Audley Shaw needs to talk less and work more

Audley Shaw is one man who seems to get excited every time he see a microphone and a camera and appears to feel compelled to “speak his mind”.

Audley however needs to recognize now that he is no longer the opposition spokesman on Finance and neither is he in search of the next big scandal.  The post that he carries is a big one and one that carries high visibility. The words of the Finance Minister extends beyond the shores of Jamaica and so those words must be chosen deliberately and carefully.

Audley cannot afford to speak loosely anymore and neither can he afford to speak out of turn as this to lead to credibility problem from himself and that of the government.

For Audley to be looking for money that has not yet been collected, shows either ignorance on his part or an attempt to misled the country .

Shaw must recognize that going forward he must focus on being diligent as Peter was and get the job done. What he did here has hurt him and he has come across as not being credible at best or ignorant at worst and this could be a disaster for the government if he does not change his moves going forward.

Shaw needs to recognize that the JLP cannot do what the PNP does and get away with it, because the JLP is held to a much higher standard than the PNP.






9 Responses

  1. does this inspire. Shaw tabled the question and was unaware that he got answers that were provided to him

    Shaw in the meantime denied knowing that the proceeds from the gas tax were unavailable before taking office and said it was after listening to technocrats and reviewing their projections that he became aware.

    “Despite all the newspaper stories and flashing headlines, I did not know that,” the finance minister said.

  2. Nationwide played the tape, we clearly heard Peter Phillips answer Audley Shaw in parliament. Audley nose grow an inch… Liar liar pants on fire.

    The Finance4 minister start out by being caught in a big lie.

    He also said the minimum wage increase was not a part of the formal plan.. Sound like same kind of talk he made to the nurse…

    I don’t blame him, I blame the electorate. Audley Shaw proved himself not credible from before. His track record is FAILING IMF tests !!!

    • We have won and will be in power for another 10 years. I know that is a bitter pill to swallow, but so shall it be.

  3. I always support the democratic process, so however long a party is in power by democratic means I have no problem with.

    But that still does not change the fact that the finance minister start out as a liar. Unless him change his ways he will quickly lose the confidence of the Jamaican people

  4. Dear Editor,

    It is interesting to note that the initial discussion on tax relief came four days after the Antiguan Government announced that starting this year, April 2016, personal income taxes will be abolished in that island.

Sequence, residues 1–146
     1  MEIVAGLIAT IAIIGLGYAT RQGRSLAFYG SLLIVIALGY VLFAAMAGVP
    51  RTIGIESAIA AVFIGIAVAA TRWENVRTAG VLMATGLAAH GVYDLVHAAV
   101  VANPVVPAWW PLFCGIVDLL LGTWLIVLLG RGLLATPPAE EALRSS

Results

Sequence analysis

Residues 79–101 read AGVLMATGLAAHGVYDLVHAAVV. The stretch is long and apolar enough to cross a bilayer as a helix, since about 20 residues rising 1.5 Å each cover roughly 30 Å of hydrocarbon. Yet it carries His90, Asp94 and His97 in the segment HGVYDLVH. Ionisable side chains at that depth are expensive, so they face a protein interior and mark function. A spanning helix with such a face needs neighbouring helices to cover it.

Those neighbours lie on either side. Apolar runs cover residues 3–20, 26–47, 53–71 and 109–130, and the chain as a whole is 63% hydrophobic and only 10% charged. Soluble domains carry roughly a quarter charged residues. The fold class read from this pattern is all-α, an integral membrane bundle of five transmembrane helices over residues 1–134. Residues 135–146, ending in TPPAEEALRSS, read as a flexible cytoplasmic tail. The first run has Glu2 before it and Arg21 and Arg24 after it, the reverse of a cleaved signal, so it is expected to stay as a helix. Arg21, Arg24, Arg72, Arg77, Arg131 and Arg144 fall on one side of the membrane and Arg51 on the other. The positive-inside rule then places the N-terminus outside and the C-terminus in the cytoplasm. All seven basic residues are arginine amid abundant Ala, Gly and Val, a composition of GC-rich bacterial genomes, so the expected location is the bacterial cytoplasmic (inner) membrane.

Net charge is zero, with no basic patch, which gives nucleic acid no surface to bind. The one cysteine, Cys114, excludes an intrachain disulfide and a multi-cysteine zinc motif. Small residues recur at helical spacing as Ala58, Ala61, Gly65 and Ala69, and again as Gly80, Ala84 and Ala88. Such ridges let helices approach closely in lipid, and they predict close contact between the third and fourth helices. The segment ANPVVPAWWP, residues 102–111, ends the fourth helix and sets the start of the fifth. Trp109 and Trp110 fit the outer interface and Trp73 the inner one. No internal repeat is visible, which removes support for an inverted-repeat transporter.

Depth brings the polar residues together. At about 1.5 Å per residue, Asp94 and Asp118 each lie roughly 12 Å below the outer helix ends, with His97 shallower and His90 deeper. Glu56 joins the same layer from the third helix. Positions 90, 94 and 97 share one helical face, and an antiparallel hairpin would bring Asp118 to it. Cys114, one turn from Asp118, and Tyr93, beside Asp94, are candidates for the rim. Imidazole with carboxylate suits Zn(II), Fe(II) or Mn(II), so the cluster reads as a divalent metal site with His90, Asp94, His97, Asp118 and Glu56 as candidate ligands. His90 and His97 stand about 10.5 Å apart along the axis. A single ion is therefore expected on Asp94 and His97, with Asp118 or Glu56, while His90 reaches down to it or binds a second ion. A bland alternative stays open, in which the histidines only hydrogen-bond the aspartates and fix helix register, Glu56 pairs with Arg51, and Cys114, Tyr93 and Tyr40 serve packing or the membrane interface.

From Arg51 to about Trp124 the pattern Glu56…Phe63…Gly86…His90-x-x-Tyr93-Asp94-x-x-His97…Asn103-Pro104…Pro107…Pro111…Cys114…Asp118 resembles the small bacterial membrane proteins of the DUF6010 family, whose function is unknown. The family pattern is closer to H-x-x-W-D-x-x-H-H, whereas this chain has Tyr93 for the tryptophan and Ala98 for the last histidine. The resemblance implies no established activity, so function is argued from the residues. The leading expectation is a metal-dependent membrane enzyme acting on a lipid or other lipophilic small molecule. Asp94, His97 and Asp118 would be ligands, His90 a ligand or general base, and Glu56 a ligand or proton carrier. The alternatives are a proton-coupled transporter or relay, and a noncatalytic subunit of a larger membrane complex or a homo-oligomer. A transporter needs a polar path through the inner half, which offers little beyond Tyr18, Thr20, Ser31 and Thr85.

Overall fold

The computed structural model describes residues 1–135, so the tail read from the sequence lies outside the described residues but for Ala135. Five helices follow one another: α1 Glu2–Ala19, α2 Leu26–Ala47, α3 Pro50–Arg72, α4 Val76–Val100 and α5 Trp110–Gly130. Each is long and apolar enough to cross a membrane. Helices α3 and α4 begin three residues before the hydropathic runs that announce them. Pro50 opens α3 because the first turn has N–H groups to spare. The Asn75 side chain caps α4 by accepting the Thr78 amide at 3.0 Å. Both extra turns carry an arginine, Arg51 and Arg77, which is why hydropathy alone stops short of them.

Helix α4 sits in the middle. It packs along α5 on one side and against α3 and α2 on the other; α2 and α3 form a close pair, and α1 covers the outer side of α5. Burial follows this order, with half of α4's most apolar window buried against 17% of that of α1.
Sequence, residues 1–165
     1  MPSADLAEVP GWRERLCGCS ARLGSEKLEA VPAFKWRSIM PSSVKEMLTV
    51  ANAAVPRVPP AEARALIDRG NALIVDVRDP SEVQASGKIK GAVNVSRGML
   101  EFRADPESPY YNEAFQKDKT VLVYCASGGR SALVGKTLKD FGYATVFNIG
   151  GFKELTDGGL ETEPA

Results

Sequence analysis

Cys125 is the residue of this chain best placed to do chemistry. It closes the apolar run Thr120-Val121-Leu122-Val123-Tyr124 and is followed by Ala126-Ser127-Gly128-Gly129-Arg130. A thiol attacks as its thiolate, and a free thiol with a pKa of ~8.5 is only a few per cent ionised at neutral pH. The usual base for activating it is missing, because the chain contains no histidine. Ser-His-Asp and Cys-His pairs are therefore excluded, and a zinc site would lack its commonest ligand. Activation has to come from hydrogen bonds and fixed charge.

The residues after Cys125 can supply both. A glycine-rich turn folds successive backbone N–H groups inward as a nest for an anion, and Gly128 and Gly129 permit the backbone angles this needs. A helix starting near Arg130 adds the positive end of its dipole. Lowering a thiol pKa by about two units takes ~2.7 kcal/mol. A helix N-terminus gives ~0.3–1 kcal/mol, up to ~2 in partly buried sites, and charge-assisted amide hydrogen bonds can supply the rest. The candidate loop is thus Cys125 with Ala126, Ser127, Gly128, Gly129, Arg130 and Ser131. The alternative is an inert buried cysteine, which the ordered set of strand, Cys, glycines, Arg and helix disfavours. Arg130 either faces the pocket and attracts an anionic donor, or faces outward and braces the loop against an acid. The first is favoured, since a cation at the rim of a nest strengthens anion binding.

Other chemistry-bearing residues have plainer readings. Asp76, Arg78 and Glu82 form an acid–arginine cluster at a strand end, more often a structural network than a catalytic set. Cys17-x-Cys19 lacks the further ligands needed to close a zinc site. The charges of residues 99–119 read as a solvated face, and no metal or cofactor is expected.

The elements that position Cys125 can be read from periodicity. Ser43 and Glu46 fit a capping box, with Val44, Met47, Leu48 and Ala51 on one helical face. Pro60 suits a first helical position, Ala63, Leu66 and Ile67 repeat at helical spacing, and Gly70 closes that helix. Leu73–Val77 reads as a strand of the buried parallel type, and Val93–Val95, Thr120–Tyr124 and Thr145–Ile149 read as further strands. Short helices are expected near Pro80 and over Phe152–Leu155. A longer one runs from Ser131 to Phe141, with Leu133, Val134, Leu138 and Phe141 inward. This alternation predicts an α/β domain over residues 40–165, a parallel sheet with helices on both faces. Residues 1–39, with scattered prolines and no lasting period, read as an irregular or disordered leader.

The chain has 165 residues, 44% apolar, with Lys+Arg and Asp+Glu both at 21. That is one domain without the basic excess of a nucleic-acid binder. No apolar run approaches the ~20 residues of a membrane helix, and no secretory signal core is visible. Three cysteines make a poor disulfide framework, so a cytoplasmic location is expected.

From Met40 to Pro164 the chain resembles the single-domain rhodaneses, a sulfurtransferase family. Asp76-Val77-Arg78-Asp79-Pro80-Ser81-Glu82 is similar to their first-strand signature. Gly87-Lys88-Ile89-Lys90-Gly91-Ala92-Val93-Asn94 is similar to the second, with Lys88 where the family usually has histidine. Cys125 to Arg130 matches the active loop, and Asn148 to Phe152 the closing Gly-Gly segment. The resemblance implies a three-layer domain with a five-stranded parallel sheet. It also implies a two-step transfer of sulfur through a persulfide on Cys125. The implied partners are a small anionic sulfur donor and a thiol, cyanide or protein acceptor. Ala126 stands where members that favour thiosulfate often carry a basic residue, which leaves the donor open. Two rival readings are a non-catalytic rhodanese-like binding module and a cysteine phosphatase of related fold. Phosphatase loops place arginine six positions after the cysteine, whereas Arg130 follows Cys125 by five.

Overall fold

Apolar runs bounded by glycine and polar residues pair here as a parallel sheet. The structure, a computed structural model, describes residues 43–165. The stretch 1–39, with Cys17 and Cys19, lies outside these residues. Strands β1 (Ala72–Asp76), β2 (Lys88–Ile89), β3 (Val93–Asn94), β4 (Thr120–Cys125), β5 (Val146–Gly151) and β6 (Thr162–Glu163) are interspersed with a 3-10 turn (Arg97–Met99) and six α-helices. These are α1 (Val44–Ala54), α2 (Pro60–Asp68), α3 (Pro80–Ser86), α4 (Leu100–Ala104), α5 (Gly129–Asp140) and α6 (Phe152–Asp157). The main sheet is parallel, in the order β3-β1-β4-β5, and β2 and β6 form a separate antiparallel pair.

Perhaps this is where Finance Minister Audley Shaw got his ‘April 1’ inspiration. Nonetheless, what is even more fascinating, is although Mr Shaw envisioned Jamaica being able to do same, he himself cautioned against the implementation of such a policy in short order.

    In reference to a news article published by the Jamaica Observer on January 25, 2016, titled ‘JLP would cut income tax’, Mr Shaw posited that implementation of such a policy that of which he describes as “drastic”, could not be considered “at this time”.

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    Mr Shaw, instead, opted for a gradual reduction in the PAYE rate until full abolition of the tax could be facilitated. He further supported his argument by adding that Jamaica’s “indebtedness and expenditure” would not allow for full removal of PAYE tax and that a gradual reduction of the rate would have to be perused over time and “in line” with debt reduction.

    If Mr Shaw himself had made this observation, long before all the analysts and critics, it leads any well thinking person to wonder what changed Mr Shaw’s position? What led to such a drastic detour?

    It was only four days after Mr Shaw made these pronouncements and incidentally, four days after the announcement of the general election, that then Opposition Leader Andrew Holness, in a televised broadcast, listed the removal of PAYE taxes from the salaries of over 100,000 workers as one of his many promises to bring the people of this great nation to prosperity.

    As the election drew near, the plan further became the very antithesis of itself. Not only had Mr Shaw abandoned his economic conservation but all talks of “gradual” and “phased” reduction of the tax rate were tossed out. April 1 was now Christmas.

    At this juncture, it now seems the Grinch of Mr Shaw’s memory has stolen Christmas, taking off with $9.5 billion in gifts and merriment.

    It is rather unfortunate that Mr Shaw’s initial tax reform policy was short lived by his quest for power. Who knows, had he stuck to his initial plan of gradually reducing the tax rate, we would have been on our way to prosperity by now and not still stuck in the departure lounge until May 12.

    Rhonda Williams

  5. Seems like Mr. Shaw lies a come back to haunt him left, right and center…

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